7 Birds That Eat Shiny Objects And Why? | Learn Bird Watching

Some birds are attracted to shiny objects, such as chimes, coins, jewelry.

This article discusses the subject of some birds being attracted to shiny objects and how this can be beneficial or detrimental depending on the circumstances.

Birds that have an attraction to things like jewelry and other items with reflective surfaces have done so because they are often found near food sources.

This disorder can cause irritation in the bird’s eyes which then causes them to become very attracted to shiny objects.

Many people may not know that there are certain types of birds that have a higher level of Uveitis.

Table of Contents1 Blue Jay2 American Crow3 Eurasion Magpie4 Mynah5 Western Jackdaw6 Burrowing Owl7 Satin Bowerbird

Photo by Karen F from Pexels

The Blue Jay is a bird native to eastern North America.

Blue Jays are known to be attracted to shiny things.

These birds are easily attracted by reflective things like pieces of tin foil or keys of coins.

They have been seen picking at aluminum cans and even discarding car trim, not realizing that these objects are not food.

While the blue jay may seem like a nuisance to some people, it’s really just trying to find something edible.

Photo by Janik on Unsplash

The American crow is a large, black bird found in North America.

The crow lives mainly on land, but will also spend time near water sources such as rivers or lakes.

This bird has a very distinct voice and they are the most common corvid in North America.

These birds are also known to live as long as 8 years!

Crows like shiny things like keys, coins, anything metallic; therefore you will often find them picking through your garbage or stealing your food.

It is not uncommon to see a crow fly down and grab something reflective off the ground, even the foil of a gum wrapper can attract their attention.

Image by plonk66 from Pixabay

Magpies are a black and white bird that can be found all over the world.

They are mostly known for their penchant for stealing shiny objects, but this reputation is not entirely deserved.

It is true that they sometimes take shiny things back to their nest, but it is not because they want to steal them; instead, these birds become frightened when people approach and fly away with the objects that were on the ground at the time, so that they can take them back and inspect them further.

Image by smarko from Pixabay

They can be found all over Australia and Asia, but they are not native to the continent, they were introduced there from Africa and southern Europe about 200 years ago.

These birds are very curious and are easily attracted by reflective objects.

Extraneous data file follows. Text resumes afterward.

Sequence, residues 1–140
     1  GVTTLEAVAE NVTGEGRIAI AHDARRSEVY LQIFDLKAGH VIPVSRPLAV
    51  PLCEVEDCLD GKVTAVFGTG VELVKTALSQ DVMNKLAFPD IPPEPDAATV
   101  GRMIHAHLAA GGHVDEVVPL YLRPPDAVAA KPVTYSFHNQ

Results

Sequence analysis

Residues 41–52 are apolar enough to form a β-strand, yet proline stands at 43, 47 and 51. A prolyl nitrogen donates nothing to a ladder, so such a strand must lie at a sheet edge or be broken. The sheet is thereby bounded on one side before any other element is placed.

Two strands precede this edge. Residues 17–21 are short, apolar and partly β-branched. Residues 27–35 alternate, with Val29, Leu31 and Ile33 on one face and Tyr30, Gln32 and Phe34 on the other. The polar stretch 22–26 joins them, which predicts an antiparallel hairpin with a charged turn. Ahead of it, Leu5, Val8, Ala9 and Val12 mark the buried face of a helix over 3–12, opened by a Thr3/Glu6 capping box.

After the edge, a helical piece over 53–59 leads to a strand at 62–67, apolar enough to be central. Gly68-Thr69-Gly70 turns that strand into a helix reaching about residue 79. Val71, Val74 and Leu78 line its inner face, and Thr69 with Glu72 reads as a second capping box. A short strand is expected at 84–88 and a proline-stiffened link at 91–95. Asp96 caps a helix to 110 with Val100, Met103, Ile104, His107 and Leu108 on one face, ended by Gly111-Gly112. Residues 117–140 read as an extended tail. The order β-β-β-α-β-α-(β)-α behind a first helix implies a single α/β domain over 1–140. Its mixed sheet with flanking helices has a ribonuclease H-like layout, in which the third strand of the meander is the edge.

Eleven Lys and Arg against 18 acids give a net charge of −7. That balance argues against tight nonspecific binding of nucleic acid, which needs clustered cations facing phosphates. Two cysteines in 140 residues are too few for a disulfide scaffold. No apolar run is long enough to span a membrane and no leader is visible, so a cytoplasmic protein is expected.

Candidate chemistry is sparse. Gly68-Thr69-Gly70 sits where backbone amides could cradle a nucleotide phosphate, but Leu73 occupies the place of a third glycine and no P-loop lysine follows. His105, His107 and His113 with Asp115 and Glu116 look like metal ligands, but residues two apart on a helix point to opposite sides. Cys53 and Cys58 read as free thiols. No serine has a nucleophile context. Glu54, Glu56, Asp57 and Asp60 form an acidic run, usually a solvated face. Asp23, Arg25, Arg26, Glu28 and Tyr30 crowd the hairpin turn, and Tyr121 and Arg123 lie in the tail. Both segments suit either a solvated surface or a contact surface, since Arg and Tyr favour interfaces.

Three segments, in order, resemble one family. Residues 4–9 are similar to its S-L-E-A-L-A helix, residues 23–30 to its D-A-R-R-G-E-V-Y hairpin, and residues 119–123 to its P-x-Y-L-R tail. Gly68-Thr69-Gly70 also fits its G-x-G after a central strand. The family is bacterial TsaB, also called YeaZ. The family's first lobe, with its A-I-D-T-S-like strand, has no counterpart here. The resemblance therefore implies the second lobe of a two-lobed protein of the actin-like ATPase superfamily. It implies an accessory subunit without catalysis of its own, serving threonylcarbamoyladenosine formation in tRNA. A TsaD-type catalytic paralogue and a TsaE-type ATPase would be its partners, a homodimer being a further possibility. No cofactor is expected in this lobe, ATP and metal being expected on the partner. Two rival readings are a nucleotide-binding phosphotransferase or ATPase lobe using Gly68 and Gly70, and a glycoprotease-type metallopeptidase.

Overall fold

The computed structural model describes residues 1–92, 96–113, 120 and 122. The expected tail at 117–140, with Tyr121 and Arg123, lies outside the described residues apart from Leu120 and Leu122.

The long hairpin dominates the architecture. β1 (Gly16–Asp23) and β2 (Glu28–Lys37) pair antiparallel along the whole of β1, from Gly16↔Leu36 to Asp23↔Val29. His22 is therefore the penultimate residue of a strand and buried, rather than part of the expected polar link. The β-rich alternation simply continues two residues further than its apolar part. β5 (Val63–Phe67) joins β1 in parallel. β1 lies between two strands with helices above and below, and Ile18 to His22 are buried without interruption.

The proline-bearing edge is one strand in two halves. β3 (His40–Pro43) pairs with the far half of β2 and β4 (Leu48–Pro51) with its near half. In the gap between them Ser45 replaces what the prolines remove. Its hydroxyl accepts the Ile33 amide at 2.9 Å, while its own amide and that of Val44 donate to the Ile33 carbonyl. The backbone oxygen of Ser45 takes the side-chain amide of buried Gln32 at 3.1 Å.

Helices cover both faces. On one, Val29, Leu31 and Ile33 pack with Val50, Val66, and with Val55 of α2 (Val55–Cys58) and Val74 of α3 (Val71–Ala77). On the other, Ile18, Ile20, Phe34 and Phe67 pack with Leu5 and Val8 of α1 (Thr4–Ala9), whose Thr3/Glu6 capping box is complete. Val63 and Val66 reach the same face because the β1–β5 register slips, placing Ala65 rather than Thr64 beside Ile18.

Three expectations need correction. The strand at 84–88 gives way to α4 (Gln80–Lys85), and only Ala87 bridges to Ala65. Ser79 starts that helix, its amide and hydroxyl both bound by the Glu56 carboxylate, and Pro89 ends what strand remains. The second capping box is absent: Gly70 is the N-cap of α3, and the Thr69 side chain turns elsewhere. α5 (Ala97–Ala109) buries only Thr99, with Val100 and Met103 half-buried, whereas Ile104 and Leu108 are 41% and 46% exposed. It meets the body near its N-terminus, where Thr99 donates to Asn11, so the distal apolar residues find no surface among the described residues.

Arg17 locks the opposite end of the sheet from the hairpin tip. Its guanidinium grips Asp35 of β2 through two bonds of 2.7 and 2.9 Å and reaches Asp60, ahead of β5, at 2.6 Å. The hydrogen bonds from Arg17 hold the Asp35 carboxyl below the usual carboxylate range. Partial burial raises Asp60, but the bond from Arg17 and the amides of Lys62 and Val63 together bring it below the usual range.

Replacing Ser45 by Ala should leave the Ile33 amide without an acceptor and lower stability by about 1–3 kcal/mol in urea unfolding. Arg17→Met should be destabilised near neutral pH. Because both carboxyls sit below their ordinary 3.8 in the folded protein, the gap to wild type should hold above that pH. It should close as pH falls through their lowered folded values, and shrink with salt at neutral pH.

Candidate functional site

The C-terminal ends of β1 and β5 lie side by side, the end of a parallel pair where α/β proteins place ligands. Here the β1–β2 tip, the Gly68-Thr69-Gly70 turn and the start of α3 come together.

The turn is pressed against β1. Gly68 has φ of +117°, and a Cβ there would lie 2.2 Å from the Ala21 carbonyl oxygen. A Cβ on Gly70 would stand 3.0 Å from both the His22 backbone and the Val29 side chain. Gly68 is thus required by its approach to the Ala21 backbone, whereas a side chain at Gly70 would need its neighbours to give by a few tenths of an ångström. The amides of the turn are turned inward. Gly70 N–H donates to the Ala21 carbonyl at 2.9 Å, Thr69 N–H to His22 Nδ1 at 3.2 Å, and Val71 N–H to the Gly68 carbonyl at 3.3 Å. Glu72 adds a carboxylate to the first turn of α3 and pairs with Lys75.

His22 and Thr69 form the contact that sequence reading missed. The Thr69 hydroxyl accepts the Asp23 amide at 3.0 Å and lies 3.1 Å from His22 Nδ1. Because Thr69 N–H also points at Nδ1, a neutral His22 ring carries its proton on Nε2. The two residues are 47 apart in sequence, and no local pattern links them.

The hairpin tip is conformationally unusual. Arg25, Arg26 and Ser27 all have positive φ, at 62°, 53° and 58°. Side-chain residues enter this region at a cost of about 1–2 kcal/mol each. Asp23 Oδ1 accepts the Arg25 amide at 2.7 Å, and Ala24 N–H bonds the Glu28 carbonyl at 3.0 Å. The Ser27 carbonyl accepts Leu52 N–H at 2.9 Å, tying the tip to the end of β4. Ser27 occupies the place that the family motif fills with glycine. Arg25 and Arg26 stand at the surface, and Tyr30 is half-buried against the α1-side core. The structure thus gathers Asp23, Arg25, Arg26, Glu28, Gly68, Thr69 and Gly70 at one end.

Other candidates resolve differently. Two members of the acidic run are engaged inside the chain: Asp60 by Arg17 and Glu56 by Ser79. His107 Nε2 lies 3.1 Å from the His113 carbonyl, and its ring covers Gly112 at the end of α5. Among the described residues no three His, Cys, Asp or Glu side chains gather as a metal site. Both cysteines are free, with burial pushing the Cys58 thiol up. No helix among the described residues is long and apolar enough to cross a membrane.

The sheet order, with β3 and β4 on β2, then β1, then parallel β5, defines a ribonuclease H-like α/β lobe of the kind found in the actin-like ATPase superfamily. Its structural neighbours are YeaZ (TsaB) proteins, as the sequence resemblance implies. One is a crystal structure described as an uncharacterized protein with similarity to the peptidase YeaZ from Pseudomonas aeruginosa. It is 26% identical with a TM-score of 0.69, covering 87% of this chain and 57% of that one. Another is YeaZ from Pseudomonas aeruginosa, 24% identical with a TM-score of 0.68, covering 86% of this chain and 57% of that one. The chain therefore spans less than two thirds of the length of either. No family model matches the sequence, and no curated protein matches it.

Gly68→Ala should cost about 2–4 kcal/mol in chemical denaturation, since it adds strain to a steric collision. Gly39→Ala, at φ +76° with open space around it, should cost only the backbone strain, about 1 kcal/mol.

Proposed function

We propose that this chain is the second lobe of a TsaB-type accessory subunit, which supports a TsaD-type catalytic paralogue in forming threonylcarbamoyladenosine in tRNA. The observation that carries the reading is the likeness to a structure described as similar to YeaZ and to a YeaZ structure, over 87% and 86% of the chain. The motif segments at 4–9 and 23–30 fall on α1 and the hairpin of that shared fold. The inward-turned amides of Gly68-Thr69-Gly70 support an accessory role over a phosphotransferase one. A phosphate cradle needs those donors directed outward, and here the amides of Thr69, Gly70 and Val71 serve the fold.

For best results, hang reflective objects such as chimes or mirrors from branches and leave a few hanging around​​​​.

Image by Henri Ollikainen from Pixabay

The Western Jackdaw is an omnivorous bird that can be found throughout Europe, Western Asia and North Africa.

They are also known to mimic other birds such as crows or magpies.

Khakis are a type of crow that have been seen as thieves for centuries.

It’s not just what they steal that makes them outcasts, it’s how they do it – they swoop down on their target with speed and precision, then fly off into the distance with whatever shiny object caught their eye.​​​ Khakis are intelligent birds with strong social skills and this intelligence may be why they look for things that stand out.

Image by Kevinsphotos from Pixabay

The Burrowing Owl is a type of owl native to the Americas.

Owls have special feathers on their face called ‘whiskers’ which help them locate objects.

They are often overlooked when people think of birds, but they are actually quite fascinating.

They are typically seen collecting small shiny objects from the ground to use in their nests.

They are found all over North America and can be identified by their large heads and wide yellow eyes with brown stripes running around them.

Burrowing owls love to collect shiny things for their nests such as bottle caps, pieces of glass, jewelry or anything else that easily catches the light.​​​​

Image by Holger Detje from Pixabay

They build structures made of sticks, called arbors, and they furnish them with shiny objects, such as gum wrappers, plastic straws, pens, and whatever.

This type of bird has a unique talent for turning trash into treasure.

The males are known to spend weeks building their pergolas, decorating them with colorful items they find around the forest floor or human settlements.

This unique talent has attracted the attention of scientists for years.

It turns out that these birds have a genetic mutation that makes them more interested in shiny things than other birds!

Men see these objects as opportunities to use in mating rituals or in other behaviors that stem from an instinctive need for glamour.